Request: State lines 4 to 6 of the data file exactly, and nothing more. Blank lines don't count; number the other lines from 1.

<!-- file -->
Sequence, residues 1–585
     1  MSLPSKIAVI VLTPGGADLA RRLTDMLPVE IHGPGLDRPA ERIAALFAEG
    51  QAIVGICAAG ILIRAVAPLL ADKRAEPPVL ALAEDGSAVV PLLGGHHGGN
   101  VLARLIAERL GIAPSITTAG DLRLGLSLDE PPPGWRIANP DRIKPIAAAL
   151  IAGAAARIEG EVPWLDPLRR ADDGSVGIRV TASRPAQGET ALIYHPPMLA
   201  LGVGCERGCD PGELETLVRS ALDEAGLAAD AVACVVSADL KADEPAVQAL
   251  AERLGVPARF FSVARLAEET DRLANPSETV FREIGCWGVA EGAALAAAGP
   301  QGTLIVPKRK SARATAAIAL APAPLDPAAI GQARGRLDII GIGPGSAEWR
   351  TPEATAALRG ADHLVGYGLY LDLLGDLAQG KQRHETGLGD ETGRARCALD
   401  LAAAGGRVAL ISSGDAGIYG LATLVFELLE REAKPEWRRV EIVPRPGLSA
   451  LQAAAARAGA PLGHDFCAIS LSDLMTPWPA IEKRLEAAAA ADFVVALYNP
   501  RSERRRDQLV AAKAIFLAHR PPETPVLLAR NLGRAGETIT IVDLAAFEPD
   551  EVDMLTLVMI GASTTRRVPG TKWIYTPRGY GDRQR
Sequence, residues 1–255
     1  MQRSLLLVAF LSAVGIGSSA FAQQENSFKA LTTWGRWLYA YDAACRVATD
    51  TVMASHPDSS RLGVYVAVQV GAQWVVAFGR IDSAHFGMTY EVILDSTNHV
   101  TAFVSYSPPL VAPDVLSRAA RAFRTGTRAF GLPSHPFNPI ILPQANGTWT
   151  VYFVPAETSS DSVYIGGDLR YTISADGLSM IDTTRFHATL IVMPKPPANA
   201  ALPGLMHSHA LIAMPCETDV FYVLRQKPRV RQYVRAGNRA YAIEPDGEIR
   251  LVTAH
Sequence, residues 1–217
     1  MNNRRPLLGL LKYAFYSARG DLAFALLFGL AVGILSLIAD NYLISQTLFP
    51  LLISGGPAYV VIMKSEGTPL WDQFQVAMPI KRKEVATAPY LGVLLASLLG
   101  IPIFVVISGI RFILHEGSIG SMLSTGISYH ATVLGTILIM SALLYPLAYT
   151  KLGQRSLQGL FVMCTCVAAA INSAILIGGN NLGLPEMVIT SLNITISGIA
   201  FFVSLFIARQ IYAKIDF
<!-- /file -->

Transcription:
   101  VLARLIAERL GIAPSITTAG DLRLGLSLDE PPPGWRIANP DRIKPIAAAL
   151  IAGAAARIEG EVPWLDPLRR ADDGSVGIRV TASRPAQGET ALIYHPPMLA
   201  LGVGCERGCD PGELETLVRS ALDEAGLAAD AVACVVSADL KADEPAVQAL